Government has no place in our bedrooms. Two guys wanna get married, it's no skin off my nose. If churches don't want to perform ceremonies, they shouldn't have to. Civil union at the courthouse should be fine. Let them have all the entanglements (like divorce ) just like straight people do.

MILITARY

Time to stop funding incursions into other countries and corporate defense projects that do nothing. Yes - have a professionally well trained military, but a trillion a year is way too much.

EDUCATION

You need to the improve education of children and allow people cheap (if not free) access to higher education. This is key...

DRUGS

It's obvious of the need to decriminalize marijuana. In my experience the worse case scenario of being around a pot smoker is that they tell you they love you, eat the hell out of your fridge and then pass out blissfully in the guest bedroom. I have had far more trouble with drinkers. Coke and heroin (and the like) should remain banned.

GUNS

There is a thread here, with a great debate going on. I think it's time to join the other civilized nations around the world.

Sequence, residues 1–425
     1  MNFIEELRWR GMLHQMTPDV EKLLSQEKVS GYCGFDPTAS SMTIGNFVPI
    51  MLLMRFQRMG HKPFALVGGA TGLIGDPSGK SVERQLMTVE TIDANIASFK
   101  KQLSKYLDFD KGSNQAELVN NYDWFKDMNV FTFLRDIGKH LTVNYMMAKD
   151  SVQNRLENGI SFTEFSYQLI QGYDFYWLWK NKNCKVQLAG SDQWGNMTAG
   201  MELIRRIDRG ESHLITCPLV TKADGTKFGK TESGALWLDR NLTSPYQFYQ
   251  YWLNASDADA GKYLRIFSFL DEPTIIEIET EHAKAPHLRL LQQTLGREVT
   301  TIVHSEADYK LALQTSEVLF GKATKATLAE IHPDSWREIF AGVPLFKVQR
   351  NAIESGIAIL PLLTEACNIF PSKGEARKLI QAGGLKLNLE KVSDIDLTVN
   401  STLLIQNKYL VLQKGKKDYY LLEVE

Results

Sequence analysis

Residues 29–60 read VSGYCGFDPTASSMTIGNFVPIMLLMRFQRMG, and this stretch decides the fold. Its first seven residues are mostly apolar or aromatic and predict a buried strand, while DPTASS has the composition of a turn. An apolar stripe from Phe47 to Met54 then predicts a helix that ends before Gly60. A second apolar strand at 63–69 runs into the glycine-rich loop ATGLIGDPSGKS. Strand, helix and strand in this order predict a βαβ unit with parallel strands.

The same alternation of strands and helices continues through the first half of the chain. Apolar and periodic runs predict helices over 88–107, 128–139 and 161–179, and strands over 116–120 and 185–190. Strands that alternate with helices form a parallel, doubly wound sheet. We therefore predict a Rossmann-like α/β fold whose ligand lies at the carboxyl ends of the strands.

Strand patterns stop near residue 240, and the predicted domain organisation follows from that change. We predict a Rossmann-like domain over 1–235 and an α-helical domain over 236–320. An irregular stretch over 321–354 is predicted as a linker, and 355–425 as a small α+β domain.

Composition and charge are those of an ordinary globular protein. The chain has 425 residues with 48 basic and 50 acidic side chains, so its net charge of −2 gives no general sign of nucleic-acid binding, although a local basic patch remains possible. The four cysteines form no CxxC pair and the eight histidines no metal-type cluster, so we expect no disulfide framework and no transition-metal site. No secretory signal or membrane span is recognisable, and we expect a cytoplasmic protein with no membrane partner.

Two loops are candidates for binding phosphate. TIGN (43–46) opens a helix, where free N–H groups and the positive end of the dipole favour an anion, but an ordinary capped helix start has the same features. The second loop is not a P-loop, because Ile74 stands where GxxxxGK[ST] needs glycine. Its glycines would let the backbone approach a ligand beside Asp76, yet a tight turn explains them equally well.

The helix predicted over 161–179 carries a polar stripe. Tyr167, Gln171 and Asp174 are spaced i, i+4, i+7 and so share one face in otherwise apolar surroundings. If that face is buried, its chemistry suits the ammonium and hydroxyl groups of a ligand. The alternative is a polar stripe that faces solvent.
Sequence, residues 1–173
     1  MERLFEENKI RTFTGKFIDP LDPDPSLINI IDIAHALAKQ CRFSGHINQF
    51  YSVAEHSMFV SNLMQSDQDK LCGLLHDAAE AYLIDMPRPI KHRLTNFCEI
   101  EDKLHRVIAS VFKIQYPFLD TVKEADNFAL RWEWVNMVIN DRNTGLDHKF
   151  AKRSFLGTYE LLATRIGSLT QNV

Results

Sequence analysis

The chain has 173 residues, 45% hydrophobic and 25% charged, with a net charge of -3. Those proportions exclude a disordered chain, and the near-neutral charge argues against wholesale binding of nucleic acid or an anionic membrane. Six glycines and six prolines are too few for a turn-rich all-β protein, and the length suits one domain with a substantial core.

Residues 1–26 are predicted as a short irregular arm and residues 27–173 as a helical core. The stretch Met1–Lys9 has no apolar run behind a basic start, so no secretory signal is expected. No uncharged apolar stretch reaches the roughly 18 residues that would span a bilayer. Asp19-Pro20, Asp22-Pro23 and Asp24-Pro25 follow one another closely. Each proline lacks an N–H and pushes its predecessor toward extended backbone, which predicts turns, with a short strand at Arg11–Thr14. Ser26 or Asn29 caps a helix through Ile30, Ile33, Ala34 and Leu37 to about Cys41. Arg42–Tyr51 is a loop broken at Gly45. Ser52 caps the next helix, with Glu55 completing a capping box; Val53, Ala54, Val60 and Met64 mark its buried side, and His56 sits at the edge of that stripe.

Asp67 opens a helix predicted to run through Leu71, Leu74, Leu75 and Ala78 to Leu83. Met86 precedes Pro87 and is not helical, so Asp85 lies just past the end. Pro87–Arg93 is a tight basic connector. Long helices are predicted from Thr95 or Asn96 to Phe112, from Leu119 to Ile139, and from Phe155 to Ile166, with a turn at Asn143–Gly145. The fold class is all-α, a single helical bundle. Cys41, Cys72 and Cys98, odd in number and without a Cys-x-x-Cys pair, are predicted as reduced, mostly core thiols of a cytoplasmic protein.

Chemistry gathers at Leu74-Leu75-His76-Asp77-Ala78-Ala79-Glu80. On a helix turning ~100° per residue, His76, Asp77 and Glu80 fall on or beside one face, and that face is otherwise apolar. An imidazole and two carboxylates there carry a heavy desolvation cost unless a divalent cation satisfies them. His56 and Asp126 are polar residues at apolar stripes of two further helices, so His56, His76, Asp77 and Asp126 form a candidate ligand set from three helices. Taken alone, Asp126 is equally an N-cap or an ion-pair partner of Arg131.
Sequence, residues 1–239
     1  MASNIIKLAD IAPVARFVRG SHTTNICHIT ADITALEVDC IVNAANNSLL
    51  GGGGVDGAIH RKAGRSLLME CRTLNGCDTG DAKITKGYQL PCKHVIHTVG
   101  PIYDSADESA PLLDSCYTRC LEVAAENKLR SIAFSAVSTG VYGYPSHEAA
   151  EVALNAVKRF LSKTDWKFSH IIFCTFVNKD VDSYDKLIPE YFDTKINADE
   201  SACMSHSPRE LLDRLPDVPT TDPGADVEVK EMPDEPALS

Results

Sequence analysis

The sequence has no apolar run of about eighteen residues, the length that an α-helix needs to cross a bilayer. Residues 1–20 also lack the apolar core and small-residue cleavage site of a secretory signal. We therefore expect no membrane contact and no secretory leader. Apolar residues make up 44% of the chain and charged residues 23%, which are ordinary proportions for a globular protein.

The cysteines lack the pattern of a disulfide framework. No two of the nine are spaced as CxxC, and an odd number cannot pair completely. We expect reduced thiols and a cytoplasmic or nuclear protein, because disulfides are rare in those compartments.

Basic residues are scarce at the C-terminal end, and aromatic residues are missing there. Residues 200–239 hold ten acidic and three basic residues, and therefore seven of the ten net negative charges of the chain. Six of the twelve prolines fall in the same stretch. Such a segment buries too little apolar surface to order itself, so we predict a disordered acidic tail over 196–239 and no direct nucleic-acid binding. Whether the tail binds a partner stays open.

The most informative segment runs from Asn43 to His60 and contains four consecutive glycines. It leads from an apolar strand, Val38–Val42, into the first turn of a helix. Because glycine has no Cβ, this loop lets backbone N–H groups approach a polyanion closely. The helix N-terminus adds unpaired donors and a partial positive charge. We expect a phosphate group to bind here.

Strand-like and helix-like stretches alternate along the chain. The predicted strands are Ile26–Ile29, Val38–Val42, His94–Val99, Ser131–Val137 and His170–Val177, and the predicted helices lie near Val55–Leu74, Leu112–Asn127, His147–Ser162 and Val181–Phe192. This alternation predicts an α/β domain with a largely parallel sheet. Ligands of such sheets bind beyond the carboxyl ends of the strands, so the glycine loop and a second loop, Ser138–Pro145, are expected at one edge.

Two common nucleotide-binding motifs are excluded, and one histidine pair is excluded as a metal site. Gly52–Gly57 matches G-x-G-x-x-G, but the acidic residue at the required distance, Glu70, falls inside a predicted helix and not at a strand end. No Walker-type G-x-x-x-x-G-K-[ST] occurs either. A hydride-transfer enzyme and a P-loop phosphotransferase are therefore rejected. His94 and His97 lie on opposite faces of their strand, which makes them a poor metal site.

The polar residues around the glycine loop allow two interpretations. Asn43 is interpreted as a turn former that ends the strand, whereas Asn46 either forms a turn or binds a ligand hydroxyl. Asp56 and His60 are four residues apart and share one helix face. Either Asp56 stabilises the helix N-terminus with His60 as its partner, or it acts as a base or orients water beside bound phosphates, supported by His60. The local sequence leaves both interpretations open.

MEDICARE

Doctors, drug companies and insurance firms have run amok, profiting off the suffering of people. Medicare works around the world - it isn't perfect, but you won't go bankrupt because you're sick.

EXPLORATION


Defense contractors can stop profiting off of killing others, by being paid to think up technologies to get us to Mars and beyond. Who knows, they may discover a way to run cars on seawater, along the way....

IMMIGRATION

At the end of the day, we are all immigrants (save the aboriginals, whose land we stole). The Mexicans who live in the States illegally do provide a huge lift to the economy, as there are tons of jobs out there that only they are willing to perform. I'm not sure what the answer is, but they are coming to the greener pastures of America, just as our relatives did, because of dire circumstances in their country. Some are good, some are bad - but it's like that everywhere.

POLITICS